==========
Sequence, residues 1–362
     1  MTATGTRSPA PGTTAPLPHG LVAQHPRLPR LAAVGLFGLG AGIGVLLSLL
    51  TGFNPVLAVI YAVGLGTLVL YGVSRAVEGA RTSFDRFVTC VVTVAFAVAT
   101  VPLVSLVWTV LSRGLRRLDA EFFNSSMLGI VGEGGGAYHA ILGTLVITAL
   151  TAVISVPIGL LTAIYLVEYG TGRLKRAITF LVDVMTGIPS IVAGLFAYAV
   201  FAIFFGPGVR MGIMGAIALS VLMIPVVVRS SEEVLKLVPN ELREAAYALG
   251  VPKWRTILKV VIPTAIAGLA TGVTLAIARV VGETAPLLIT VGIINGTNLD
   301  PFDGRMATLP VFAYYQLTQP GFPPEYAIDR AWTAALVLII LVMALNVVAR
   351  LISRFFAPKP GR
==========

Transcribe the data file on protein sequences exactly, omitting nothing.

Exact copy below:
Sequence, residues 1–362
     1  MTATGTRSPA PGTTAPLPHG LVAQHPRLPR LAAVGLFGLG AGIGVLLSLL
    51  TGFNPVLAVI YAVGLGTLVL YGVSRAVEGA RTSFDRFVTC VVTVAFAVAT
   101  VPLVSLVWTV LSRGLRRLDA EFFNSSMLGI VGEGGGAYHA ILGTLVITAL
   151  TAVISVPIGL LTAIYLVEYG TGRLKRAITF LVDVMTGIPS IVAGLFAYAV
   201  FAIFFGPGVR MGIMGAIALS VLMIPVVVRS SEEVLKLVPN ELREAAYALG
   251  VPKWRTILKV VIPTAIAGLA TGVTLAIARV VGETAPLLIT VGIINGTNLD
   301  PFDGRMATLP VFAYYQLTQP GFPPEYAIDR AWTAALVLII LVMALNVVAR
   351  LISRFFAPKP GR